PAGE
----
More weapons showing up in Washington’s schools

(Courtesy of Aristide Economopoulos / for NJ Monitor)

There were more weapons brought into Washington’s schools during the last school year than the year before.

That’s according to a new report from the Office of Superintendent of Public Instruction, which found an 11.6% increase in weapons on school grounds in the 2022-2023 school year compared to 2021-2022.

During the 2022-2023 school year, 2,275 weapon incidents were reported by Washington’s public and private schools. Of those, 316 involved possession of a firearm. All of the gun incidents were reported at public schools. Most other reports involved knives, daggers or “other weapons.”

However, the presence of guns specifically increased, as there were 236 incidents involving firearms during the 2021-2022 school year, according to last year’s report from the Office of Superintendent of Public Instruction.

“I wish I could say I was really shocked by this increase, but sadly I’m not that shocked,” said Johnny Lupinacci, an associate professor at Washington State University who studies the intersection of schools and social justice.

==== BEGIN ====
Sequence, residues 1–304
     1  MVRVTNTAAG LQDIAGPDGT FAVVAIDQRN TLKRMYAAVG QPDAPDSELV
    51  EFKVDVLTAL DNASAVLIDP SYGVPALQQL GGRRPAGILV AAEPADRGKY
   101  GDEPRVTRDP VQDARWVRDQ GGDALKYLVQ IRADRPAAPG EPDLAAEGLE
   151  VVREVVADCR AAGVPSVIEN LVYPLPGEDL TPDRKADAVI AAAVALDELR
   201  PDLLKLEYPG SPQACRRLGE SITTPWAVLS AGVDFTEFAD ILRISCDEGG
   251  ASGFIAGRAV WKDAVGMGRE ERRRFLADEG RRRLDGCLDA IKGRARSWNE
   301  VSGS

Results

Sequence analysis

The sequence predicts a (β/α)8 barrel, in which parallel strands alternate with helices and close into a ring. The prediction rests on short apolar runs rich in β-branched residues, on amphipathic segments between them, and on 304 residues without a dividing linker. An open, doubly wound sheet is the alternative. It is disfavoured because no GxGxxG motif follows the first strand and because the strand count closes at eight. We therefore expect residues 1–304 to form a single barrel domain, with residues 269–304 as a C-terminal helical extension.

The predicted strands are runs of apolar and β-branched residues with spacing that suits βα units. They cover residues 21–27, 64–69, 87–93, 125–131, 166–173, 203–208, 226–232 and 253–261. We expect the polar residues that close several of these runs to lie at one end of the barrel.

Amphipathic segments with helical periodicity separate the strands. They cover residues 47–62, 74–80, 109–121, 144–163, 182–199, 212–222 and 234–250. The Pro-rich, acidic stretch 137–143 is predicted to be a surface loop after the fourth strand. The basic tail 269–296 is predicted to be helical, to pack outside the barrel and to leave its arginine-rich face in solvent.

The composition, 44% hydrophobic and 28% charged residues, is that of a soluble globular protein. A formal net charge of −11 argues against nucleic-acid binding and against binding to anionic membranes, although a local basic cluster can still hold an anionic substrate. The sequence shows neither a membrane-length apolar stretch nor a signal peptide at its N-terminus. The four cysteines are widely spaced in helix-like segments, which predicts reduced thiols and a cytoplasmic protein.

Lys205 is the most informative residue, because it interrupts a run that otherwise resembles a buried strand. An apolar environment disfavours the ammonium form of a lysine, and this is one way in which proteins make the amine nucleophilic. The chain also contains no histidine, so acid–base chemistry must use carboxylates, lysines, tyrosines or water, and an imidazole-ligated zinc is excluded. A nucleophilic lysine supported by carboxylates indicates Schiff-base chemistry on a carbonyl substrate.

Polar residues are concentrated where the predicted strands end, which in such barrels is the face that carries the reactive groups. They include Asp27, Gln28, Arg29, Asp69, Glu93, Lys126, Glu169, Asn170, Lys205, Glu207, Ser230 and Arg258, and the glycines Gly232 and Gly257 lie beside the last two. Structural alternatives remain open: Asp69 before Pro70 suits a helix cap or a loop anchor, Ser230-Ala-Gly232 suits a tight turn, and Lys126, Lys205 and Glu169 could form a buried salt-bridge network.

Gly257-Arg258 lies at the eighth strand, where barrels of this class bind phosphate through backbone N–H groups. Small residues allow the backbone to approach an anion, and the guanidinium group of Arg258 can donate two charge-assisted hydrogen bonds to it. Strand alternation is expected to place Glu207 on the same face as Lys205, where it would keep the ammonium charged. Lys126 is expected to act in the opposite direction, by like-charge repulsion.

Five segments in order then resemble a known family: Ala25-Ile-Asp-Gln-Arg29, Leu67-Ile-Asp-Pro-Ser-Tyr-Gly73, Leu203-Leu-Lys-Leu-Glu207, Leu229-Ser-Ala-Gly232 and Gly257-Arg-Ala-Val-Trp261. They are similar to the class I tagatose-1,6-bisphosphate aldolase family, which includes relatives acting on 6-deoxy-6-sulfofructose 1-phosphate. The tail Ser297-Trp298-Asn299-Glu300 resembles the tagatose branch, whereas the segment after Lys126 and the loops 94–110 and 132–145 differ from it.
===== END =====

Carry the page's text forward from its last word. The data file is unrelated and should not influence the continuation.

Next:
While national data on the 2022-2023 school year is not yet available, data from 2021-2022 show that, among states, Washington had the 11th highest rate of students bringing firearms to school.

Nationwide, the number of guns showing up in schools is soaring. A Washington Post investigation found 1 in 47 school-age children, or about 1.1 million students, attended a school where at least one gun was found and reported on by the media in the 2022-2023 school year — and the actual number of guns in schools may be much higher.

Washington has enacted some of the most restrictive gun laws in the country and passed three gun control laws just this year. 

Lupinacci praised the state’s strict gun laws and said his “gut reaction” to seeing increasing numbers of guns in schools is to make it even harder to obtain a firearm. He said getting a gun remains just “far too easy,” even in some of the most restrictive jurisdictions.

State law prohibits possession of firearms and other dangerous weapons on school grounds, except for security and law enforcement. The law also requires the expulsion of students found in possession of a firearm anywhere on school grounds, although superintendents can modify expulsions on a case-by-case basis.

Lupinacci said students primarily bring weapons into schools because they feel unsafe and believe “the only way they could be safe is to somehow arm themselves.”